Also know as the “high plain” in spanish, the Altiplano is exactly that: An arid plateau that is part of the Andes mountain range.
In short, its high, dry, and desolate.
Parts of the Altiplano are home to the vicuna, a species of camelid that is related to the llama and alpaca. Unlike it’s relations, the vicuna is not domesticated although they are corralled every year and shorn, so that the fiber may be collected and used in textile productions.
Several hours into our drive we pulled into a rest stop and met this baby llama.
We were instantly smitten.
Especially the Bambino.
Later we stopped at a stock trading market. Here are the animals available for sale:
We also passed massive herds of both llamas and alpacas throughout the day, frequently accompanied by a shepard and a few dogs.
It looks like a lonely life.
The highlight of the day was heading over a 4,910 meter pass. For those of us on the English conversion system, that’s a massively high 16,108 feet above sea level.
That’s definitely the highest I’ve ever been. By a looong shot. Our own Mt. Rainier is only 14,450 feet and Mt. McKinley (the tallest mountain in the US) is only a measly 4,000 feet taller.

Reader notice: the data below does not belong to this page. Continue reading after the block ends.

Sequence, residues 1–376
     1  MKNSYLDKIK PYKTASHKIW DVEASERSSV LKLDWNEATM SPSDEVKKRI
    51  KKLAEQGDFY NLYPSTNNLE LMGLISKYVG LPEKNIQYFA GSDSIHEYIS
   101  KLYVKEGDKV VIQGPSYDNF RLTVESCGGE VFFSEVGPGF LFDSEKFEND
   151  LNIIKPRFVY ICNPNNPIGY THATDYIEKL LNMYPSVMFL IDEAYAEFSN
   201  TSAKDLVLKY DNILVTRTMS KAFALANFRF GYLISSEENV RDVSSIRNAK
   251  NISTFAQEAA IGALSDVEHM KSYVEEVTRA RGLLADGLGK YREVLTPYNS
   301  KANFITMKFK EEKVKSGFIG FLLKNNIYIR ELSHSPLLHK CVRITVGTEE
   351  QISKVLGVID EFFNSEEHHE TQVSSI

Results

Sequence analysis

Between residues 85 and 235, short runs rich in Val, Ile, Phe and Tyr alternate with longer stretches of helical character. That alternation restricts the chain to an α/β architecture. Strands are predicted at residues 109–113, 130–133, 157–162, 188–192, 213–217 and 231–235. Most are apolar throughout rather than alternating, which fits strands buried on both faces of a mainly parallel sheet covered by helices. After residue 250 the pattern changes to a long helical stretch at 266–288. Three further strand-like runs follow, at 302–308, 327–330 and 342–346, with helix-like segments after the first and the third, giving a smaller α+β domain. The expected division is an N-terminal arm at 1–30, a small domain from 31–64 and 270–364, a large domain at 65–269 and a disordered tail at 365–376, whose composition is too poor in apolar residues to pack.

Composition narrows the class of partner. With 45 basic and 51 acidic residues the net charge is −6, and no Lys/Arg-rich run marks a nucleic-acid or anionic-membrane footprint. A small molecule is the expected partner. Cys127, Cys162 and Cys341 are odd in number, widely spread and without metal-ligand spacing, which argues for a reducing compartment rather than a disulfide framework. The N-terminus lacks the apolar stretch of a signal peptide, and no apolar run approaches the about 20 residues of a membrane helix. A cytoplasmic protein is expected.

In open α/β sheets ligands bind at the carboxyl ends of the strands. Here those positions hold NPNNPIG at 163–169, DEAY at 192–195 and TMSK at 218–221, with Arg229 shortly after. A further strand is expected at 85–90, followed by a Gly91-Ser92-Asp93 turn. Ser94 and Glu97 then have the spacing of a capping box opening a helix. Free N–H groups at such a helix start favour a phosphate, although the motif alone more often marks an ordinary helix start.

On a side note, the new ‘panarama’ feature on the iphone’s OS6 is pretty cool, no?
One of the higher marketplaces in the world, I’d bet.
Once over the pass, we descended into Chivay. The Inca terraces were clearly evident:
As were farming practices that didn’t seem much more advanced:
The area is devoted mostly to subsistence farming although massive mines in the area are rolling right along. Tourism is also a growing part of the economy as people come to see the Andean condor, the canyon, and lounge in the hot springs.
Most women carried goods on their back, wrapped in a colorful blanket. Babies were also carried in the same fashion.
llama herds from afar.
Chris and Ben make a new friend.
We stopped to observe some non-pink flamingos.